Building ‘regulation’

The scale of the Grenfell Tower disaster — at least 30 confirmed dead but as many as another 50 still missing — is frightening. It must lead to renewed concerns over building standards and the role some materials may have played in turning an apartment building into a deadly inferno.

We have been lucky in Ireland — we have not had to deal with such loss of life in similar circumstances, which by many accounts, was entirely avoidable. We have, however, had to deal with defective, unsafe buildings and, in at least one instance, at considerable cost to the public purse. Very valid concerns are sharpened by the fact that insulating materials blamed for the rapid spread of the Grenfell fire are widely used in Ireland. Foam insulation like that used in London is manufactured and used here.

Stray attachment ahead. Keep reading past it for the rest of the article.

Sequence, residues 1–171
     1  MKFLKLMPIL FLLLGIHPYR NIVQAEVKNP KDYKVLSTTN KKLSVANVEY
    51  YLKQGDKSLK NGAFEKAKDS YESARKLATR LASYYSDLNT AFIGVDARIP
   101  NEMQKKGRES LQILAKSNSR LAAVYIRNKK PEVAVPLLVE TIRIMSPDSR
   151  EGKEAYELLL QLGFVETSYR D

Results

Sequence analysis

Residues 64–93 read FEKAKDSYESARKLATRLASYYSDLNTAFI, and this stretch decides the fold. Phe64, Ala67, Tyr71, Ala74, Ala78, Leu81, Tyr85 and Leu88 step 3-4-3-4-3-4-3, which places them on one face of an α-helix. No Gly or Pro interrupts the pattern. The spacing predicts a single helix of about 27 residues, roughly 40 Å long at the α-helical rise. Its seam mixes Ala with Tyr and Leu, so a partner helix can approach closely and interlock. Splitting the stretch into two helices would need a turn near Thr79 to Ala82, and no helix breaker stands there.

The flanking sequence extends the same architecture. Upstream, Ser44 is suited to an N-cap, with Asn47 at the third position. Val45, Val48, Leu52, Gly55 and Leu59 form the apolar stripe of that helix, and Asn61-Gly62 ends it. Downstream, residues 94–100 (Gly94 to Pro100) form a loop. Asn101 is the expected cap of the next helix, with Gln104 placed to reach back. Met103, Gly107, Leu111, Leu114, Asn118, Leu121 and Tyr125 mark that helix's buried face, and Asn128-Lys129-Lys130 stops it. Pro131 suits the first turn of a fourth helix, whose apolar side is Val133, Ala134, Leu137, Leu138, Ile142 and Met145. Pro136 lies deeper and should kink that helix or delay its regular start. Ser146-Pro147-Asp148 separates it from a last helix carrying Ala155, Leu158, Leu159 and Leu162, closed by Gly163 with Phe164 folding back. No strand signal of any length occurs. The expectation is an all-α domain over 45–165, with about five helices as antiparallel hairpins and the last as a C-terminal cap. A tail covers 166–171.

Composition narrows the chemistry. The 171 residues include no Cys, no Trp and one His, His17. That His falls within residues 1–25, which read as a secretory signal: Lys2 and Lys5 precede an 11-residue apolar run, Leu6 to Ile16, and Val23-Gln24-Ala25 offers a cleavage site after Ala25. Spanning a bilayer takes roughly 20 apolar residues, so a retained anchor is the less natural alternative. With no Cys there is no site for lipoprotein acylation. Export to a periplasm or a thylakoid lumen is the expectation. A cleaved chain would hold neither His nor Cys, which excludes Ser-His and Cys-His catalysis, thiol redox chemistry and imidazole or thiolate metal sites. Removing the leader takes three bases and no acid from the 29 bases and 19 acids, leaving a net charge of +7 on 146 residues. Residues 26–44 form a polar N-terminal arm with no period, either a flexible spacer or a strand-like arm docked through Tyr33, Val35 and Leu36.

This tragedy speaks to a recurring theme — the failure of regulators to do the job they are expected to do. There may be many reasons for this but the winners and losers are always the same. Surely it’s time we realised that under-resourced supervisory agencies are a dangerous waste of money?

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